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  • Writer's pictureElliot Leigh

Decline in London house prices as mortgage rates surge



According to a recent study conducted by Zoopla, London experienced a slight decline in house prices this month, making it one of the few regions in the UK to see a decrease. The data also revealed an interesting trend where the rise in mortgage rates has started to impact asking prices. More than 42% of sellers are now accepting offers that are 5% or more below their initial asking price, while 15% are agreeing to discounts of at least 10%. On average, the price reduction stands at 3.8%.


Surge in mortgage rates affecting buying power

The surge in mortgage rates has directly affected buyers' purchasing power. As mortgage costs have skyrocketed due to the Bank of England's base rate increases, buyers are finding themselves in a position where they have to negotiate harder to secure a deal. This is significant because mortgage transactions account for 70%. The recent shift from 4% to 5% in mortgage rates has resulted in an 11% reduction in buying power. If mortgage rates reach 6%, the reduction in buying power is expected to rise to nearly 20%.


Although rates are already approaching this level, the impact on buying power will not be immediate. Buyers can offset some of the rate increases by increasing their deposit or extending the term of their mortgage.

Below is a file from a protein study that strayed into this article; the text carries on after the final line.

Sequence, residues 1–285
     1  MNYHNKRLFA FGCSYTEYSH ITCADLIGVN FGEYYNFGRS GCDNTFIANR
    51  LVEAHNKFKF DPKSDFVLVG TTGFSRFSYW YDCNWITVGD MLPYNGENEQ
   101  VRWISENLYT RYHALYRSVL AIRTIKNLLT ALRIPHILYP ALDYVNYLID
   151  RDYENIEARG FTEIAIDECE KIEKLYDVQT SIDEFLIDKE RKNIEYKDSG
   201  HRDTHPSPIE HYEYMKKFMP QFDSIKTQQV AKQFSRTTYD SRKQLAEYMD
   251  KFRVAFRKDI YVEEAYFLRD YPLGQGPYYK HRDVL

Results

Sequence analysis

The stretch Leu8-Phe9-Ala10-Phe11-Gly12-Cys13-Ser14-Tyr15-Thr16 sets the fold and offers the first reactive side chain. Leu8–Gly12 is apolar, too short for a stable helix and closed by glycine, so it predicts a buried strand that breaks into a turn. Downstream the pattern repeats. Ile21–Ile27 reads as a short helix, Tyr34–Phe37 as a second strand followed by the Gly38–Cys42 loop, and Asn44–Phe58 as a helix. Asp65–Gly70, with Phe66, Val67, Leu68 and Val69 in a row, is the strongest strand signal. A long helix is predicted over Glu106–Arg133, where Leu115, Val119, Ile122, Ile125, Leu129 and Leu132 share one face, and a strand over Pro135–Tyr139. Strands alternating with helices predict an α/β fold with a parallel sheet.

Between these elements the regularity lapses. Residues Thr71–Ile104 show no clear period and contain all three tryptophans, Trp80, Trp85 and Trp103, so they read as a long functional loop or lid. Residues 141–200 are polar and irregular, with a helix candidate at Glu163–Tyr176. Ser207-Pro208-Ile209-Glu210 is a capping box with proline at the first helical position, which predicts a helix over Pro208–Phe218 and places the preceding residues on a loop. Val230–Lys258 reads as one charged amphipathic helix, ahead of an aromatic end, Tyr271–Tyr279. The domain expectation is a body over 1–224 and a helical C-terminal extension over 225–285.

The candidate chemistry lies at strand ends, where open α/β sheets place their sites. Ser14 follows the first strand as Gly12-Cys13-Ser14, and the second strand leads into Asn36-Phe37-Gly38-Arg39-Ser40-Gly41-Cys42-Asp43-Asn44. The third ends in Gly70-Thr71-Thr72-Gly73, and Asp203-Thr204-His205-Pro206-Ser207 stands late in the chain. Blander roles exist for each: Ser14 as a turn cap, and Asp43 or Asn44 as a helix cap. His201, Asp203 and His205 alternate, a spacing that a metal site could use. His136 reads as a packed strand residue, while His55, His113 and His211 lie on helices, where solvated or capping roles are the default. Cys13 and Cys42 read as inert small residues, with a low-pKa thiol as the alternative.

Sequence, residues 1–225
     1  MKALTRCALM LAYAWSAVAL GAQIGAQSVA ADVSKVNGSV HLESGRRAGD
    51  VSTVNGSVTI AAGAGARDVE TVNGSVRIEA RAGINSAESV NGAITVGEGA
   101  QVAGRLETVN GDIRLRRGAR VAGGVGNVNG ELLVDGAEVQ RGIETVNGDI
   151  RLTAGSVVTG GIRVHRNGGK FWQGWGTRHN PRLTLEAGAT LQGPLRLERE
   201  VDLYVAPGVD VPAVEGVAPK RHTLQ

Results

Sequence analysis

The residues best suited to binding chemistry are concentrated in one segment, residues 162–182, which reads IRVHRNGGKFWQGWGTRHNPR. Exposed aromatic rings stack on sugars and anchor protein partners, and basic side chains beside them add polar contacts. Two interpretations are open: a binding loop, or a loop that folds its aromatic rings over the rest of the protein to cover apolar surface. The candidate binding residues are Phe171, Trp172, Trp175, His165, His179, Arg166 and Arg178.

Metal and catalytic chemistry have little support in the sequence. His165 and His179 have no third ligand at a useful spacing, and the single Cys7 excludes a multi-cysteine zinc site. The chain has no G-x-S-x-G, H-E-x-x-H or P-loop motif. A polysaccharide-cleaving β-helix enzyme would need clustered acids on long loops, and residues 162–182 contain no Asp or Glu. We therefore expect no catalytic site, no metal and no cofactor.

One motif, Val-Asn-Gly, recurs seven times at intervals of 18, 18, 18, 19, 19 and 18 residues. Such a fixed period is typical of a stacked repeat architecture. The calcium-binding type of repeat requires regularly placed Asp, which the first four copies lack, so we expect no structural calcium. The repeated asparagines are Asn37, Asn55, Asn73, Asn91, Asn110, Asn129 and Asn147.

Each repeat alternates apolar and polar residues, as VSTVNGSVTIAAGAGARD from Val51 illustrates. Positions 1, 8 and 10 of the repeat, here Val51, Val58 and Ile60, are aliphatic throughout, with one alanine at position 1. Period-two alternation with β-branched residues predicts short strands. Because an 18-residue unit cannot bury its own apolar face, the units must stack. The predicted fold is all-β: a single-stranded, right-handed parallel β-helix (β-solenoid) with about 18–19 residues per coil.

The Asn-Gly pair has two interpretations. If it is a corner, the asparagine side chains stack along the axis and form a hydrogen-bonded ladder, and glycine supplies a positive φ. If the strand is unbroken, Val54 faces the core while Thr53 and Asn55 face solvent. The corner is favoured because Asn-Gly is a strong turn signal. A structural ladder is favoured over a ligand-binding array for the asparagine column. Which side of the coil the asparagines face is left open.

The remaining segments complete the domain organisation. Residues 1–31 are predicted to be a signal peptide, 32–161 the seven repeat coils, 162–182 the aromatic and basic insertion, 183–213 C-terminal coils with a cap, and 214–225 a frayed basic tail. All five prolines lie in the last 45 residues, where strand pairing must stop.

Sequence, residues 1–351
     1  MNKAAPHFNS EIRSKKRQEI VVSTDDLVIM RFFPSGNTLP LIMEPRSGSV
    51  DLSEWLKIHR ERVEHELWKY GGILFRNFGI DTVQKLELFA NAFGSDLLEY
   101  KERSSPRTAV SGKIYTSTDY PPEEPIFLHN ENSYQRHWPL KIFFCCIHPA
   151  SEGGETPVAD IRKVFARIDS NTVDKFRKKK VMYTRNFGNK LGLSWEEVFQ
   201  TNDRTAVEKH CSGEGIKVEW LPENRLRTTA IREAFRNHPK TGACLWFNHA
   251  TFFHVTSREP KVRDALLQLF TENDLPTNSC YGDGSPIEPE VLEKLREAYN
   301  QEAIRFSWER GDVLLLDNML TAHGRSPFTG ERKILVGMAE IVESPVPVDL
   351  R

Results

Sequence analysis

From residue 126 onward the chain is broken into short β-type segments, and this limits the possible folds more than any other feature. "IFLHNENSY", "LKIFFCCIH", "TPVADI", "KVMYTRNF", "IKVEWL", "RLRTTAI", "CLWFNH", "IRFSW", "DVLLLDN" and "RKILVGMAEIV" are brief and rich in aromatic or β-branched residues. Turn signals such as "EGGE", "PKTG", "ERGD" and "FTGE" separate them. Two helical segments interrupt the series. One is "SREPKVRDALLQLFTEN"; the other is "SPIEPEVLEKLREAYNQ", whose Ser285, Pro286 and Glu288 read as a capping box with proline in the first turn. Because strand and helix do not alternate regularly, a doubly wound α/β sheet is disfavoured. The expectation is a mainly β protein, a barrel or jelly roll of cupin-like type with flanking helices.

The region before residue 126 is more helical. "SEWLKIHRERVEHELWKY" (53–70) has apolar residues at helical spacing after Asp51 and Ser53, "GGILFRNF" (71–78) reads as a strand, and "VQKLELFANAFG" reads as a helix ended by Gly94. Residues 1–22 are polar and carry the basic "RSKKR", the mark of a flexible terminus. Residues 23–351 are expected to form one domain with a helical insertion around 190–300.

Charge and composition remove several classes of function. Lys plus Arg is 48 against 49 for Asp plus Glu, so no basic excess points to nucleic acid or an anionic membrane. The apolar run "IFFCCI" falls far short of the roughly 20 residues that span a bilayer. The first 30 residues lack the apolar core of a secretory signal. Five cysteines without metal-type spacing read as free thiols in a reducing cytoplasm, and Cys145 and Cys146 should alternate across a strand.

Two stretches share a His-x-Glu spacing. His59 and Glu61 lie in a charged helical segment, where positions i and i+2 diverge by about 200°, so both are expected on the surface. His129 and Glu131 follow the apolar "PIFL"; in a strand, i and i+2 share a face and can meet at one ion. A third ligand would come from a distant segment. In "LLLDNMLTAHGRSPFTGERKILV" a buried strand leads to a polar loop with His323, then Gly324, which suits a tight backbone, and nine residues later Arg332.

Unfortunately, not everyone has access to these options, and many buyers, especially first-time buyers, have been unable to enter the property market. The data indicates a 14% decline in the number of buyers compared to the same period last year.


Richard Donnell, Executive Director at Zoopla, explains, "London's housing market is the most expensive in the UK, and higher mortgage rates have been affecting buying power, resulting in a modest average price decline of 0.3% over the past year. As mortgage rates approach 6%, the resilience of the London housing market will face further challenges."


London boroughs affected by price changes

Among the local authorities in London, Tower Hamlets experienced the largest decrease in house prices with a reduction of 1.5%, equivalent to £7,460. This brings the average house price in the borough to £479,200. Hackney followed closely with a 1.1% decrease, amounting to £6,720, resulting in an average house price of £562,700. Camden also saw a 1% decrease, reducing house prices by £7,470, making the average home price £751,100.


On the other hand, some of the outer boroughs defied the overall trend and experienced slight increases. Bexley had a modest increase of 1.1% (£4,530), bringing the average property price to £401,200. Havering and Barking & Dagenham both saw a 0.6% rise, with increases of £2,470 and £1,870 respectively. The average house prices in these areas stood at £424,400 and £337,500.


Surge in houses on the market

In addition to inflation and rising mortgage costs, another contributing factor to the decline in prices is the sudden surge in housing supply. There has been an above-average increase in the number of homes listed for sale in the last four weeks, with 18% more listings compared to the five-year average (although some of these may have been affected by the pandemic). The scarcity of homes has often been cited as a driving force behind rapid house price growth, and the inverse is also true. Increased supply provides buyers with more options giving them room to negotiate and drive down house prices.

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